If you are a diabetic, you should eat plenty of fruits and vegetables because these foods are low in fat and high in nutrients.

Fruits and vegetables are also rich sources of potassium, magnesium, vitamin C, folate and dietary fibre. They help lower your blood sugar levels by slowing down your digestion and absorption of carbohydrates.

Some examples of nonstarchy vegetables and fruits include:

  • Carrots,
  • Fresh leafy greens
  • Peppers
  • Broccoli
  • Tomatoes
  • Melons
  • Berries (strawberries, raspberries, blackberries etc.)
  • Orange
  • Lemon
  • Pears

However, your consumption of starchy vegetables and fruits depends on whether you require them for your bodily needs. Your dietician will determine the need as well as recommend the right quantity for you.

Lean Proteins

One of the best ways to control your blood sugar levels is by consuming lean proteins. These foods contain less fat and fewer carbohydrates than other foods. They also provide you a steady stream of energy throughout the day.

Some examples of lean proteins include:

  • Chicken breast
  • Turkey breast
  • Fish (salmon, sardine)
  • Eggs
  • Beans
  • Tofu
  • Nuts

Healthy Fats

It’s important to keep your cholesterol levels in check to prevent diabetes-related complications.

While some fats are good for you, others are not. Fatty acids found in animal products (like meat) and dairy products are considered unhealthy fats because they raise your cholesterol levels.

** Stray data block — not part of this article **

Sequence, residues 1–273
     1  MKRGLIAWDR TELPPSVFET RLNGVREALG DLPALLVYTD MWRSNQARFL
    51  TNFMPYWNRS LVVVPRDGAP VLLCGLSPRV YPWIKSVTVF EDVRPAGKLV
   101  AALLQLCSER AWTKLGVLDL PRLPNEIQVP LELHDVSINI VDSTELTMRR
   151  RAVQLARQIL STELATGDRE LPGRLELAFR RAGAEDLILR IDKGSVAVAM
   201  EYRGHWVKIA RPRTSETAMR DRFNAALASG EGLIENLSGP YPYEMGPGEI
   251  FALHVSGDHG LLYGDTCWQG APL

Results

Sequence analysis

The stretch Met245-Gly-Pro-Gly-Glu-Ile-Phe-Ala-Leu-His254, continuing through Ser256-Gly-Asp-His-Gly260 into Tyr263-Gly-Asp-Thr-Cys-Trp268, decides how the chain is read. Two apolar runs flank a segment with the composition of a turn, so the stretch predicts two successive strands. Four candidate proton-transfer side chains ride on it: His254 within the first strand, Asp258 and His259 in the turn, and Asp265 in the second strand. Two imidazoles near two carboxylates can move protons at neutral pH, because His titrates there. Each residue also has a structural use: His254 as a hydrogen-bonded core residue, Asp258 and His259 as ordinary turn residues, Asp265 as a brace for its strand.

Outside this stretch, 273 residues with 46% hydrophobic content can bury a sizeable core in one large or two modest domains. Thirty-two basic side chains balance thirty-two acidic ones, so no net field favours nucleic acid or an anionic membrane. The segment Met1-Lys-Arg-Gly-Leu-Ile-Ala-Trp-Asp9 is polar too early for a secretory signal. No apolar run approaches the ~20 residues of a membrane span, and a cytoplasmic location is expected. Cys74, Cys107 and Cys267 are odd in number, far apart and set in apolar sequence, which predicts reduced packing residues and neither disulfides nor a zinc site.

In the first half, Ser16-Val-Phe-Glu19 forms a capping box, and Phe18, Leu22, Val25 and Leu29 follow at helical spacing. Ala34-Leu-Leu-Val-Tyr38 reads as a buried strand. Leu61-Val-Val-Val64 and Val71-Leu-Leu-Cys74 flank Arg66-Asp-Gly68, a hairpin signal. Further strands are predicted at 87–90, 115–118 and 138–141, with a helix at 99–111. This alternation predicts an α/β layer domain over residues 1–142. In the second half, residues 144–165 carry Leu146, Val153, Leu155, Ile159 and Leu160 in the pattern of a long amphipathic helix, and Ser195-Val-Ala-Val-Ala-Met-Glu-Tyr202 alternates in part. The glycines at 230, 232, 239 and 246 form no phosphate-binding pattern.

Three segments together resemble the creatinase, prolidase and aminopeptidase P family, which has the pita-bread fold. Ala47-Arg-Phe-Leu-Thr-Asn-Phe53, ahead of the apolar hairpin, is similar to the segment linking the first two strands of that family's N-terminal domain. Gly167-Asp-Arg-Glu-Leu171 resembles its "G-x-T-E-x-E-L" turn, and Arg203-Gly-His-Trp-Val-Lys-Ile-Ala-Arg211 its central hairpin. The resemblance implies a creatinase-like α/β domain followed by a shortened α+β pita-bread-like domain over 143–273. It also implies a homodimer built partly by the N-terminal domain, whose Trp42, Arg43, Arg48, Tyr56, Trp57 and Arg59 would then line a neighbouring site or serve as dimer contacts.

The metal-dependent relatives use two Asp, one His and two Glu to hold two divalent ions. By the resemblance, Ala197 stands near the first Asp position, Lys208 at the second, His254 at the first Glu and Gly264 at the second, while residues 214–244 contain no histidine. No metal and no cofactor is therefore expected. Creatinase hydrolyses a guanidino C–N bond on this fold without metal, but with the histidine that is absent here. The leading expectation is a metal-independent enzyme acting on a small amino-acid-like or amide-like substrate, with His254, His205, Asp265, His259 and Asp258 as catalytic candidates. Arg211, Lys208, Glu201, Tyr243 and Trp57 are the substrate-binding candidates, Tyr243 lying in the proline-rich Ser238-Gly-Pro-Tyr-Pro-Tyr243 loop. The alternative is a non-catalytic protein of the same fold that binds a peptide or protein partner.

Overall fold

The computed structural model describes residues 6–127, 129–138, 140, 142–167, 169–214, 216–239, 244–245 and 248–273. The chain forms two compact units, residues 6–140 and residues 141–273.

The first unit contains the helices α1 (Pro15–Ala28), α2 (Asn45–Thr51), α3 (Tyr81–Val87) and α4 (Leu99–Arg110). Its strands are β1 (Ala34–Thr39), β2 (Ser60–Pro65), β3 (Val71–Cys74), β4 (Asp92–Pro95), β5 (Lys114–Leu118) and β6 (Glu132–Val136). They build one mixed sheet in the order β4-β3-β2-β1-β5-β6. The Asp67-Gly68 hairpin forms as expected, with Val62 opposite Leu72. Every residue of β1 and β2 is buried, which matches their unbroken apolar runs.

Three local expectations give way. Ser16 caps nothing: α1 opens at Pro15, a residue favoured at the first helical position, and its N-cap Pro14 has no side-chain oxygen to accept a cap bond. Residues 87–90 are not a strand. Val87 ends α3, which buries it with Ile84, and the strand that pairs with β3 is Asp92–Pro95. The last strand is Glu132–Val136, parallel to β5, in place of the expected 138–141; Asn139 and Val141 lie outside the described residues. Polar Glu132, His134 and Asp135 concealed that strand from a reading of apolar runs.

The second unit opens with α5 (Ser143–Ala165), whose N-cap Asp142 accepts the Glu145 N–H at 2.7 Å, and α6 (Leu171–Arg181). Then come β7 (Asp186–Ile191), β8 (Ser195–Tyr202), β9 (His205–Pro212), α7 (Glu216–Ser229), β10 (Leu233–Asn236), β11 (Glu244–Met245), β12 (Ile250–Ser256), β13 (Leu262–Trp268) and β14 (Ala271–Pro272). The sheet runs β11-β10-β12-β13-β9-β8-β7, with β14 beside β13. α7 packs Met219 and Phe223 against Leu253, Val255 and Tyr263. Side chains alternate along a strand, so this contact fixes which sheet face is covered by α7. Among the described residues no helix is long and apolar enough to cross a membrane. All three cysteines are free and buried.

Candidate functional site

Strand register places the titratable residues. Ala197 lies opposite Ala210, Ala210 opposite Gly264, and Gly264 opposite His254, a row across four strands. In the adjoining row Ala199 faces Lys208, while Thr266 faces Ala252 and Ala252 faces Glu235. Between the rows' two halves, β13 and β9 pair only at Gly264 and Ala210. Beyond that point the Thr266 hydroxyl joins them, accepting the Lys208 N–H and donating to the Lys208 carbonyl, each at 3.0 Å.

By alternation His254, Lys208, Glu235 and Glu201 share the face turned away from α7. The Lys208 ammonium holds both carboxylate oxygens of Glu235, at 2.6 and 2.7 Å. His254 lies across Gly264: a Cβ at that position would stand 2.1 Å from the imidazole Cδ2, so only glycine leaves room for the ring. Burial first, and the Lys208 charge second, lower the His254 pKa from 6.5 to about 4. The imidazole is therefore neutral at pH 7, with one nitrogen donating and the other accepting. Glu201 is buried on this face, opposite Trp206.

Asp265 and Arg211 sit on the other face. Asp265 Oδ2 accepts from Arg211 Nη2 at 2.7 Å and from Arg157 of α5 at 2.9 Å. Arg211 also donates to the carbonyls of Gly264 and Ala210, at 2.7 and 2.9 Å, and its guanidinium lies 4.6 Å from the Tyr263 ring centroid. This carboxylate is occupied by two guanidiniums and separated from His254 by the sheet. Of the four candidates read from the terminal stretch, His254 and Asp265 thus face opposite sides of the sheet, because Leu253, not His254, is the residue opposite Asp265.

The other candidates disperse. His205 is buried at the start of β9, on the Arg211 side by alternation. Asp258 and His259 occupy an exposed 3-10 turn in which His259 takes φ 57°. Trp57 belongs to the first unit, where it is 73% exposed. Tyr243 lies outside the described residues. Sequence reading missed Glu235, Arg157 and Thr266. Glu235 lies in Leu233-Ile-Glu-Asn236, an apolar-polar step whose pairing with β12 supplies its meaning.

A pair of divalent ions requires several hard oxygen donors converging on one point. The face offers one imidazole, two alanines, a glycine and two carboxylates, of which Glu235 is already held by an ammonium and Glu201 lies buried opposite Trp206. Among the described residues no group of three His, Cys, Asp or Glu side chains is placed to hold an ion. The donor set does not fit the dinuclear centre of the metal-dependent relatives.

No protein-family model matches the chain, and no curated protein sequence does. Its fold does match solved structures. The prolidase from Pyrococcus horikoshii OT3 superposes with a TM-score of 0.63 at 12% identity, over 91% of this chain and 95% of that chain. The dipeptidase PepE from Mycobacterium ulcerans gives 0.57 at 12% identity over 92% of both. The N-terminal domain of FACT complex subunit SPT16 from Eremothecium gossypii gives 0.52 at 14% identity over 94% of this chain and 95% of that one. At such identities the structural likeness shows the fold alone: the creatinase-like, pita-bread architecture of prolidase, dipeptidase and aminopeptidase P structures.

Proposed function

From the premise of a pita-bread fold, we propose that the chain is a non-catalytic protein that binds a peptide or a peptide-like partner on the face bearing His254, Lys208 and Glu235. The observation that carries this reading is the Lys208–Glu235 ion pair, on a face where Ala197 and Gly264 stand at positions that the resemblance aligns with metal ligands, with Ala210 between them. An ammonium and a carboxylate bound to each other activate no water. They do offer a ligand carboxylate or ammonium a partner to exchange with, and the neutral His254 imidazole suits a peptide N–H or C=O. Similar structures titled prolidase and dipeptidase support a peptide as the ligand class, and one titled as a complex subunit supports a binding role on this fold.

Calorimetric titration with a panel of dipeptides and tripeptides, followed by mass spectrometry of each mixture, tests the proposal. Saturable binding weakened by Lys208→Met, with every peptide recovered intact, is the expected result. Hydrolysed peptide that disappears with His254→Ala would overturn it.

In contrast, unsaturated fatty acids found in plant sources such as olive oil, avocados and nuts lower cholesterol.

Low-Calorie Drink or Water

Water does not contain carbohydrates or calories, and it is a much better option than sweetened or sugary drinks which will increase your blood glucose levels.

However, you can drink low-calorie drinks such as seltzer (sparkling water), club soda, unsweetened tea or coffee etc.

Foods That You Should Avoid

The risk factors associated with your diabetes must not be taken lightly.

Don’t eat foods that contribute to the increase of your blood sugar levels. These, in turn, can increase the risk factors such as stroke, kidney failure or heart disease.

These following foods must be eaten in limited quantity, and some of them must be completely avoided.

  • Foods that contain saturated or trans fat
  • Starchy foods like rice, potatoes, peas, corn, cereals with added sugar, cookies, ice cream etc.
  • Sugary or sweetened drinks (drinks with added sugar)
  • White or polished rice, breads etc.

Know How to Count Your Carbs

You need to keep track of how much carbs, fat and protein you consume everyday. This will help you manage your blood sugar levels effectively.

If you’re diabetic, you can safely consume 45 to 60 grams of carbohydrates per meal and 15 to 20 grams per snack.

These figures may have to be altered or personalised for your specific condition and for your other risk factors.

Always seek the help of your dietician or nutritionist to get it tailor-made for your specific needs.

You must also read the Nutrition Facts Labels clearly and check for Total Carbohydrates mentioned. This will help you in limiting your carbs intake to prescribed levels.


Your diabetes management cannot succeed without a curated and personalised diabetes diet.

But for your diabetes diet to be optimal and effective, you need to consult with your dietician or nutritionist.

Then your dietician or nutritionist will design a meal plan most suited to your diabetic condition and help you manage your condition better.

While these general rules may be effective or even important, it is only in a personalised dietary recommendation, based on your existing condition, that you can safely rely on.


If you have a question related to this blog post, write to us here and we will update this post with a response.

Sources: Mayo Clinic, NIDDK, Medline Plus, Diabetes UK, American Diabetes Association, CDC, Everyday Health and Medical News Today.